Cell biology

  • Article
    | Open Access

    Glucocorticoids are associated with stress. Here, the authors show that high levels of glucocorticoid stress promote secretory autophagy of matrix metalloproteinase 9 via a stress responsive chaperone, increasing brain-derived neurotrophic factor processing and potentially altering adult synaptic plasticity.

    • Silvia Martinelli
    • , Elmira A. Anderzhanova
    •  & Nils C. Gassen
  • Article
    | Open Access

    Arginine methylation by PRMTs is dysregulated in cancer. Here, the authors use functional genomics screens and identify PRMT1 as a vulnerability in pancreatic ductal adenocarcinoma, and further show that PRMT1 regulates RNA metabolism and coordinates expression of genes in cell cycle progression, maintaining genomic stability and tumour growth.

    • Virginia Giuliani
    • , Meredith A. Miller
    •  & Timothy P. Heffernan
  • Article
    | Open Access

    Aβ oligomers (AβO) are thought to represent the main toxic species in Alzheimer’s disease but very high Aβ concentrations are required to study them in vitro and it remains unknown what role these off-pathway oligomers play in vivo. Here, the authors use a dimeric variant of Aβ termed dimAβ, where two Aβ40 units are linked, which facilitates to study AβO formation kinetics and they observe that Aβ off-pathway oligomer formation is strongly accelerated at endo-lysosomal pH, while amyloid fibril formation is delayed. Furthermore, the authors demonstrate that dimAβ is a disease-relevant model construct for pathogenic AβO formation by showing that dimAβ AβOs target dendritic spines and induce AD-like somatodendritic Tau missorting.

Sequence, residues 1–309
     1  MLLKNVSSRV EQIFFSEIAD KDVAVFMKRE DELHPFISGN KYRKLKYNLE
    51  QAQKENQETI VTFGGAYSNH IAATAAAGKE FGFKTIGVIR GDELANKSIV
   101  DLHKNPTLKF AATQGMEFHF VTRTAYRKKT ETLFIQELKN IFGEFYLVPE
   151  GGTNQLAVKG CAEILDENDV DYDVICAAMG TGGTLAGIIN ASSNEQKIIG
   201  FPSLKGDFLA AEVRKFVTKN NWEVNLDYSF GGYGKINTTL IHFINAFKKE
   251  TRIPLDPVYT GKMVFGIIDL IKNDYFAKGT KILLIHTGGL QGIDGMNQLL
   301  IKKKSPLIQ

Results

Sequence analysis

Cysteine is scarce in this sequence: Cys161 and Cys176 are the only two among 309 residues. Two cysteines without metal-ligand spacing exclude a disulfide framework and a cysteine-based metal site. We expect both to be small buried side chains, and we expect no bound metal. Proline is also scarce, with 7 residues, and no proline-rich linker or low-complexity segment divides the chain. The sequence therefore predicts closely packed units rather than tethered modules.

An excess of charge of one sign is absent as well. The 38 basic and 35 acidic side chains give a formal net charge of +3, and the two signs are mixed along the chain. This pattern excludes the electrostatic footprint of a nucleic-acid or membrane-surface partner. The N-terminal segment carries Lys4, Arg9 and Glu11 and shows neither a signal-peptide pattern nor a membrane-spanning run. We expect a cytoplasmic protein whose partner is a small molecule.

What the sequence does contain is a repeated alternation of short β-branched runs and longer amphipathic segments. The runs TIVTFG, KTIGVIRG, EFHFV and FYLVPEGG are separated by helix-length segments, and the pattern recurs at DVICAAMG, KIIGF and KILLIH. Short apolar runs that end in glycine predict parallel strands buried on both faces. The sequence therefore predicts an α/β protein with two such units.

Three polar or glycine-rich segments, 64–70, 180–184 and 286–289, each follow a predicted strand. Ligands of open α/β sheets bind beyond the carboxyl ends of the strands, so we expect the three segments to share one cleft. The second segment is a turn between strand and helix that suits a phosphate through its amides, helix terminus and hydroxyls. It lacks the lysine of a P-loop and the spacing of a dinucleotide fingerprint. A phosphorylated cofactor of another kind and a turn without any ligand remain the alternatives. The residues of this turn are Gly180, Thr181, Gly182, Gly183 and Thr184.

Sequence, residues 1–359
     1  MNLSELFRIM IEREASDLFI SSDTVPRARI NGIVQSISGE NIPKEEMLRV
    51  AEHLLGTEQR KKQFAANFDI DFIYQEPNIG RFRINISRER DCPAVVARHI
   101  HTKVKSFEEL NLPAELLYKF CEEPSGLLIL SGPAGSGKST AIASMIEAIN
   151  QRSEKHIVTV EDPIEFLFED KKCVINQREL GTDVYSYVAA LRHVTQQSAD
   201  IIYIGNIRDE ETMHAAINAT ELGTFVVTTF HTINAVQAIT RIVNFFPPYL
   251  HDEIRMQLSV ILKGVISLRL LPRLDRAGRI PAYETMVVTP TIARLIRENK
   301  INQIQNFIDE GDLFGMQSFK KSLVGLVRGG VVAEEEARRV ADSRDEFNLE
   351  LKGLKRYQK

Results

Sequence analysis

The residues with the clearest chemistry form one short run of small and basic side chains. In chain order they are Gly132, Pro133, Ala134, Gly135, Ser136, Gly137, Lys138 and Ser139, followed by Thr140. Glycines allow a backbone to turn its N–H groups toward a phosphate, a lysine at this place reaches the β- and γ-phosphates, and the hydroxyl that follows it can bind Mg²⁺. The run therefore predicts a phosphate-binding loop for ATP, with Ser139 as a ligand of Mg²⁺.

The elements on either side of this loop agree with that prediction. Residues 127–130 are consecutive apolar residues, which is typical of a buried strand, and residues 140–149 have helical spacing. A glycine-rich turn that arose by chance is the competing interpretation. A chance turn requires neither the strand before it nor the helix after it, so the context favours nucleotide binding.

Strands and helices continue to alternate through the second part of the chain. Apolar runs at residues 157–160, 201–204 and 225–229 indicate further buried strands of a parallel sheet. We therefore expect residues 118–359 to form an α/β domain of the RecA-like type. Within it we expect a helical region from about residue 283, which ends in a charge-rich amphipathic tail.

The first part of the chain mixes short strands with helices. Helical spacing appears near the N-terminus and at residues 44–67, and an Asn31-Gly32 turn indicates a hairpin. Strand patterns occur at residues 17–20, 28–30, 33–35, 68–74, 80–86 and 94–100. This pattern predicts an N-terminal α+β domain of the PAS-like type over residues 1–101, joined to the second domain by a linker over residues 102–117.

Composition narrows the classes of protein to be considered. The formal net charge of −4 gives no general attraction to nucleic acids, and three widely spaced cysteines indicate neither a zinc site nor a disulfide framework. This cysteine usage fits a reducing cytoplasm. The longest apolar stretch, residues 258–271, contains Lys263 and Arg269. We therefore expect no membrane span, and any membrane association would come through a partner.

• Marie P. Schützmann
    • , Filip Hasecke
    •  & Wolfgang Hoyer
  • Article
    | Open Access